Tag Archives: Rufus Sewell

Role Playing

The Father

by George Wolf

How much you’re moved by The Father will likely depend on how you see the central narrative device employed by director/co-writer Florian Zeller.

Is it a gimmick that cheapens the very subject he’s digging into, or is it an effective – even logical – new frame for a familiar picture?

Anthony Hopkins and Olivia Colman star as father and daughter Anthony and Anne. Now, with these Oscar winners as your leads, your device could be the mail-in offer from the back of a cereal box and it would most likely be riveting, but Zeller has more lofty ambitions.

Anthony’s memory is fading fast, forcing Anne to navigate his mood swings and growing combativeness while she looks for an in-home caregiver who can handle him. Young Laura (Imogen Poots) looks promising, but Anthony’s initial charm at their meeting gives way to insults and accusations about a plan to force him from his well-appointed flat.

But is it his flat? And who is the man in the living room (Mark Gatiss) who says he lives there?

Is Anne really planning to move to Paris with a new boyfriend, or is she still married to the impatient and angry Paul (Rufus Sewell)? And just who is that other woman who looks like Anne (Olivia Williams)? Zeller adapts his own stage play with a profound intimacy that feeds the intentional confusion.

In the last several years, movies such as Away From Her and Amour have mined their greatness through the effect of dementia on the longtime spouse of the afflicted.

But here, not only does Zeller make a sympathetic pivot to the adult child of an ailing parent, but his chamber piece finds its greatest resonance through the heartbreaking empathy that comes from giving us Anthony’s point of view.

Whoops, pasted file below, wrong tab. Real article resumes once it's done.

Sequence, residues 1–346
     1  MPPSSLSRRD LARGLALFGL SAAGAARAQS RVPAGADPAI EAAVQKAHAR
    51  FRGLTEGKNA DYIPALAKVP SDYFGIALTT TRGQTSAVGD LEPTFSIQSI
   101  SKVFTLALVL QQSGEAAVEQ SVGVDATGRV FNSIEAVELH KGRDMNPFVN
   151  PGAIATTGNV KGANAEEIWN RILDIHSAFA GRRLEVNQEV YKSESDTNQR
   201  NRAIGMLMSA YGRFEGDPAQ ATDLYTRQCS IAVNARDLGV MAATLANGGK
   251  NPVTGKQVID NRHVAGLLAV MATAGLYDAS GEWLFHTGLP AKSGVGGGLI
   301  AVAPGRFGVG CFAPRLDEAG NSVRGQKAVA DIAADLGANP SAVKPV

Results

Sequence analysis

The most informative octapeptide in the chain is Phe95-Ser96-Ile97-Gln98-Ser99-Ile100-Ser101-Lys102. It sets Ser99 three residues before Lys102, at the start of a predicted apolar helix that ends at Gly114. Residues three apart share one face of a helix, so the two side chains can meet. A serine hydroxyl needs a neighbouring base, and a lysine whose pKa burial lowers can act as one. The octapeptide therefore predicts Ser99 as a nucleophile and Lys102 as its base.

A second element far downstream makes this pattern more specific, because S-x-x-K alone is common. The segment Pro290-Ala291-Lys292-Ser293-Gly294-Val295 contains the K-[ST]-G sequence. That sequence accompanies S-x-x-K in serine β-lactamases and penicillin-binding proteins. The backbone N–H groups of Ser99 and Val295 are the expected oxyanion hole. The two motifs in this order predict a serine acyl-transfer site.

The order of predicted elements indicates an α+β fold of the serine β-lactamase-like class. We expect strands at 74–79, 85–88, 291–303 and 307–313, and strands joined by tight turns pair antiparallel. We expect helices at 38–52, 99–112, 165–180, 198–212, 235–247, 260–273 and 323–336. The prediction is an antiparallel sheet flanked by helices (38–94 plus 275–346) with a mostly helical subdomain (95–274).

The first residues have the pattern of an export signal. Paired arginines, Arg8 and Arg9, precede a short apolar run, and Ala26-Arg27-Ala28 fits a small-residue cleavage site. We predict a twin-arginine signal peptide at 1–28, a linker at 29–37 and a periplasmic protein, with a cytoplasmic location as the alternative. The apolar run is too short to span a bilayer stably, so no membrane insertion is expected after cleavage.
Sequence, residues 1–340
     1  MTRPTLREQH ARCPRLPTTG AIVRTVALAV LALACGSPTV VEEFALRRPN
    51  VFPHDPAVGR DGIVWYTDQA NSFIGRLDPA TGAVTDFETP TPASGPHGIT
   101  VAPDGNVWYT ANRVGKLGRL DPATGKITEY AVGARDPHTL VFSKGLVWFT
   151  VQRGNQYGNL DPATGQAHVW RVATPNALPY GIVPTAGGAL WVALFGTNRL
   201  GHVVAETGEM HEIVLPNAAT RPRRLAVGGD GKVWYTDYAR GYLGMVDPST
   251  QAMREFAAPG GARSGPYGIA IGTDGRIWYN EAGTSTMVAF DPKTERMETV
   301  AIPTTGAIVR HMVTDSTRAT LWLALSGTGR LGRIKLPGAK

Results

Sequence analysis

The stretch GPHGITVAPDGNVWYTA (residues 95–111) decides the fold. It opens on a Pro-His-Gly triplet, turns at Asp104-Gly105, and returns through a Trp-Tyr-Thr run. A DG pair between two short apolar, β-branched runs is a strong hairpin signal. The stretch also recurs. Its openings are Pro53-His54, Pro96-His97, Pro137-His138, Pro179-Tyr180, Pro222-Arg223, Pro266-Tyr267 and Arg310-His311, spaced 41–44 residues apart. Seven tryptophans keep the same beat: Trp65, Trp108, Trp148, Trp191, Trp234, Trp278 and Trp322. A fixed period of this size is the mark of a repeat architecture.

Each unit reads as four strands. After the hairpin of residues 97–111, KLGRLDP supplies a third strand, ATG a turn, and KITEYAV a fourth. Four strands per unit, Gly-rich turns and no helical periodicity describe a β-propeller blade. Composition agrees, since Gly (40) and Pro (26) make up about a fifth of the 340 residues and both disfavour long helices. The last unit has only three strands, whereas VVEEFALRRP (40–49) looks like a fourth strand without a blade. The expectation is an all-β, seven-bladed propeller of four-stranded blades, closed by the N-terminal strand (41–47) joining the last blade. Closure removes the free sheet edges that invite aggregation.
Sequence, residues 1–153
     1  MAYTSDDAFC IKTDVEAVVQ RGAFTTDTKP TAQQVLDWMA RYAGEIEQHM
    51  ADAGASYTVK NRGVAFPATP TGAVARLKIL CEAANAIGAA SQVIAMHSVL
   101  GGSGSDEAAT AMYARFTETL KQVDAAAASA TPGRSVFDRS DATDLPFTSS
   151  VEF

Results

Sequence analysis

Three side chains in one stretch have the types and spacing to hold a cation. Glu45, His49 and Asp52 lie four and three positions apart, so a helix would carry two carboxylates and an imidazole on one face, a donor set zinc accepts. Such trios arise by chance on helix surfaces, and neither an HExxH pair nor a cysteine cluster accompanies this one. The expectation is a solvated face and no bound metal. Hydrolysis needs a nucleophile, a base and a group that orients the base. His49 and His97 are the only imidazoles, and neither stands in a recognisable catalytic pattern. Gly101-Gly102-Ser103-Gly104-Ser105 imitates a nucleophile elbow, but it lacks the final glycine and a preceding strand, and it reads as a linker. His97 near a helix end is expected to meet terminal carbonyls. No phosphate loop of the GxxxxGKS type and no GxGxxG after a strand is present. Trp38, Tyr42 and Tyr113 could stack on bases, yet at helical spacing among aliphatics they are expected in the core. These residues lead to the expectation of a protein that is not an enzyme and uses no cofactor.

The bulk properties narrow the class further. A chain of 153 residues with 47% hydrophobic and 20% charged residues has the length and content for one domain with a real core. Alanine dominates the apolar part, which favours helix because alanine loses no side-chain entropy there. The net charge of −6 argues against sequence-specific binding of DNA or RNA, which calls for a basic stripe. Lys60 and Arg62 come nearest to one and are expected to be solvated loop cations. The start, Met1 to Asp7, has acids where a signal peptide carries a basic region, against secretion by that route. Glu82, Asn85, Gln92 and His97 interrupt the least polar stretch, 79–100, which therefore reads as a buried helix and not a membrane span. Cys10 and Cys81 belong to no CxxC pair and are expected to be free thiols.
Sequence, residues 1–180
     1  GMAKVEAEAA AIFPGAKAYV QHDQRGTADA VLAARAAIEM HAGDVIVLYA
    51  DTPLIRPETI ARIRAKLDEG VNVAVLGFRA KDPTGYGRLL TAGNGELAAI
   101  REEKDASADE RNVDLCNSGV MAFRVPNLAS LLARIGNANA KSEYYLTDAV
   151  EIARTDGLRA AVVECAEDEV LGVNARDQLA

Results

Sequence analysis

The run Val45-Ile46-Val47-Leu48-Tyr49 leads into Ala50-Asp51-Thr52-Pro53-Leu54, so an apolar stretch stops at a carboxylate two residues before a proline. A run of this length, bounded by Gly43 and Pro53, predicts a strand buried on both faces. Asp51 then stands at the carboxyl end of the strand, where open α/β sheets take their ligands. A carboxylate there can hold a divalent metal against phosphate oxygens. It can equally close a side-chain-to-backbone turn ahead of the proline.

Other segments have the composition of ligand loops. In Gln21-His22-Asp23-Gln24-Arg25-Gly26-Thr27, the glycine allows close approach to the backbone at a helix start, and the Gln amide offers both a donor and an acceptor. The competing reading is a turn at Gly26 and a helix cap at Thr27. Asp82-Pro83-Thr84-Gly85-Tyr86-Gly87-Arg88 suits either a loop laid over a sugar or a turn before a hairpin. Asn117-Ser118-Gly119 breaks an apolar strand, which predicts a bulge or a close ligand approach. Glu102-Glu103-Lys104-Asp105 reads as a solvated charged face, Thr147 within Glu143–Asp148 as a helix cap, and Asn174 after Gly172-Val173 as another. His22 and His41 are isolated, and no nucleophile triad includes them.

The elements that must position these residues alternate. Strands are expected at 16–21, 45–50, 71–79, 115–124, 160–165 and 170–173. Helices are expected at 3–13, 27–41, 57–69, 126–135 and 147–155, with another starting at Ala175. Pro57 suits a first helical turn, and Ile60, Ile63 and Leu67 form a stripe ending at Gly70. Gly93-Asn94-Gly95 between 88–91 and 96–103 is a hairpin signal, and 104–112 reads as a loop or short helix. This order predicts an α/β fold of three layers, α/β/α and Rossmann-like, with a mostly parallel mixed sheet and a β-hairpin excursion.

And even if the whole affair does strike you as gimmicky, the transcendent heights hit by Hopkins and Colman (and indeed, the entire ensemble) make spending time with The Father more than worthwhile.

As artistic as it is nuanced, as lyrical as it is devastating, it’s a film with not only something to say, but a welcome new approach to saying it.

Born in a Trunk


by George Wolf

Call it a comeback, a re-introduction or a friendly reminder, but Renee Zellweger’s channeling of Judy Garland is an awards-worthy revelation.

Since winning an Oscar for Cold Mountain over fifteen years ago, Zellweger’s resume has been scattershot and curious enough to make seeing her name on top of the marquee a rather nostalgic blast from the past.

But here, she’s just a blast, bringing a can’t-look-away magnetism to every moment she’s on screen, and leaving a noticeable absence when she’s not.

Based on Peter Quilter’s stage play The End of the Rainbow, Judy shows us a legend struggling to get work and fighting to retain custody of her children. By the late 1960s, daughter Liza was off starting a career of her own, but Judy’s two young kids with producer Sid Luft needed a stable home that Garland could not provide.

Accepting a lucrative offer for a string of concerts in London, Judy leaves her son and daughter with their father in hopes that the British engagement will give her the resources needed to take them back full-time.

Focusing on this late, sad period in Garland’s life is a wise move by director Rupert Goold (True Story) and screenwriter Tom Edge (The Crown). A limited scope can usually provide biopics with a better chance for intimacy, and true to form, Judy’s false notes arrive with the flashbacks to Garland’s days as a child star.

Showcasing her mistreatment as a young cog in the MGM studio system is well-intentioned but unnecessary, the blunt forcefulness of this thread adding little more than jarring interruption.

Zellweger is all we need to feel the tragedy of Garland’s fall. Her portrayal comes fully formed, as both remarkable outward impersonation and a nuanced glimpse into a troubled soul. Nary a movement seems taken for granted by Zellweger, and her delivery of Edge’s memorable dialog is lush with an organic spontaneity.

And though she barely sang publicly before her training for Chicago, Zellweger again shows impressive vocal talent. Of course she can’t match the full richness of the real Judy (who could?), but Zellweger’s style and phrasing are on-point bullseyes, never shrinking from Goold’s extended takes and frequent closeups during some wonderfully vintage musical numbers.

In one of the film’s best moments, Judy joins two male superfans (Andy Nyman, Daniel Cerqueira) for a late night dinner at their apartment. I won’t spoil what happens, but have some tissues handy. It’s a beautifully subtle and truly touching ode to Garland’s status as an early gay icon, and to the universal pain of loneliness.

Ironically, this brilliant performance should bring Zellweger the second act that Judy didn’t live long enough to enjoy. I’m guessing she’ll appreciate it, and I know she’s earned it.